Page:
Will you sell your calves straight off the cow this fall, or should you retain ownership all the way through slaughter? Could there be more profitable opportunities to market them somewhere in between? Though there is no clear marketing plan that fits every operation, there are steps that every producer should take to determine if retaining ownership is the right plan of action this season.

Know your production cost

The first step in developing a marketing plan is to determine what price the calf would receive if it were sold at weaning and what profit would be made. For example a 500-pound calf may sell for 95 cents this year. If the calf cost $375 to produce, then you have the opportunity to make a profit of $100.

The second step is to project the cost of putting that calf through the next stage of production, pricing the calf in at $0.95. So, in a sense, the back grounding program is buying the calf from the cow-calf enterprise. By determining the projected input cost you can determine the break-even price. You can then determine if the additional step in the program, the point forward from where the calves could have been sold, could actually make an additional profit.

Evaluate available resources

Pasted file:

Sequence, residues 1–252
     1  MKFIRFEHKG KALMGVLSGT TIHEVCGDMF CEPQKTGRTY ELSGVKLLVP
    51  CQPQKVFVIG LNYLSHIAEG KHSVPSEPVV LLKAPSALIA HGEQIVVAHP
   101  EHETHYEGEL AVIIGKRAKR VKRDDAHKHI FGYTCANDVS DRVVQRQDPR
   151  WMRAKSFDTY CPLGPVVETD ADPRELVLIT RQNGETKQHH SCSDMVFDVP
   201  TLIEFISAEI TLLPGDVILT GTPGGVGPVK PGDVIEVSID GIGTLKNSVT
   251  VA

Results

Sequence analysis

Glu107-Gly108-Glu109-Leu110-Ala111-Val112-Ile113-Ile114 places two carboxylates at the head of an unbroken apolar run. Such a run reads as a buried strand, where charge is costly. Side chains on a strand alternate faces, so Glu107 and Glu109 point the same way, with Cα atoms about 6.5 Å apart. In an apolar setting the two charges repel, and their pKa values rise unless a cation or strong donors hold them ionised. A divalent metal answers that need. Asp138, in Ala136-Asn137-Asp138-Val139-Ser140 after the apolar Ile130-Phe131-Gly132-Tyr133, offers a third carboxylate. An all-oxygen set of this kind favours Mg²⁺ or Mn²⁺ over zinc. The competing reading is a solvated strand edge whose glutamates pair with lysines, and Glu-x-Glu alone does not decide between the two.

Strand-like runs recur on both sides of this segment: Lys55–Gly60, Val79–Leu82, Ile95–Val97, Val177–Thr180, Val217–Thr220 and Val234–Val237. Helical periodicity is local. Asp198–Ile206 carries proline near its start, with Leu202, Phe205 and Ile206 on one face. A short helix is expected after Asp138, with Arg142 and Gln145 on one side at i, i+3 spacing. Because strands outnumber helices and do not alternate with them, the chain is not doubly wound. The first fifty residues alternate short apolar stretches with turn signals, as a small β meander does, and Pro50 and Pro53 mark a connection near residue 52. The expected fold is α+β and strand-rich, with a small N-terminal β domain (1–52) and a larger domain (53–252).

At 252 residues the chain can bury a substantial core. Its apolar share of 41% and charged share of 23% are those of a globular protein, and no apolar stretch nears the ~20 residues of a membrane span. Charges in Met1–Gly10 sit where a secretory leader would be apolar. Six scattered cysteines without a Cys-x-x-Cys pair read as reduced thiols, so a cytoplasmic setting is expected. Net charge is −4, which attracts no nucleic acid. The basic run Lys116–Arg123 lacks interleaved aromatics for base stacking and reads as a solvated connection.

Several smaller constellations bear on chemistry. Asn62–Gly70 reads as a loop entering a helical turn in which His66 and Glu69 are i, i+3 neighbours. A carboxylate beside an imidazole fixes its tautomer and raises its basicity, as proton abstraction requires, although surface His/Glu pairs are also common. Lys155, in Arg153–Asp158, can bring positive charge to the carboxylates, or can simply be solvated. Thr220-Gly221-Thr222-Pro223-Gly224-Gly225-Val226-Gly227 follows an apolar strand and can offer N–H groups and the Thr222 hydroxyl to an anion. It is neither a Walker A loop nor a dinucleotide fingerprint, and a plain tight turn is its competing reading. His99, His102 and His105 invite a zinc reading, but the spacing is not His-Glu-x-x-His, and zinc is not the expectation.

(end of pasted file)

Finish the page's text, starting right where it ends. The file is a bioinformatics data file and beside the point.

When projecting the cost of production, attention should be given to the availability of feed resources. In the fall of 1996, feeder prices were low due in part to the high price of grain. Since then, there has been a dramatic decline in the price of corn and a dramatic recovery of stocker and feeder prices.

Maintain a good health program

Despite market trends, there are a number of things that you can do to influence the profitability of a retained ownership program. When calves leave the farm or the ranch, they are exposed to a great deal of stress and new disease. By pre-vaccinating calves you can raise your calves' immunity to illness at a time when they need it most. Preconditioning calves results in reduced medicine cost and fewer costly death losses. In addition, calves that don't get sick gain far better then those that do. When retaining ownership, talk to the feedyard manager about preconditioning programs to avoid unnecessary duplication of vaccinations.

Calf quality affects profits

Calf performance - the efficiency in which the calf converts feed into muscle - is a factor that greatly affects profit potential. As a cow-calf producer you control performance by the breeding selections you make. With the use of performance information from the feedyard on feed conversion and average daily gain, you can manage your breeding program to produce calves that gain efficiently.

Another factor that you should consider when contemplating retained ownership is the number of calves and how uniform in size and type they are to one another. Placing entire pens of uniform calves into the feedyard will make them easier to manage and market at their optimum weight.

Selecting a feedyard

Selecting a feedyard that you are comfortable with must play an important role in your decision to retain ownership. Customer service is critical in feedyards that truly want retained ownership cattle. Talk to the feedyard manager and identify all potential cost involved. The feedyard can also help you explore marketing opportunities and limit your risk.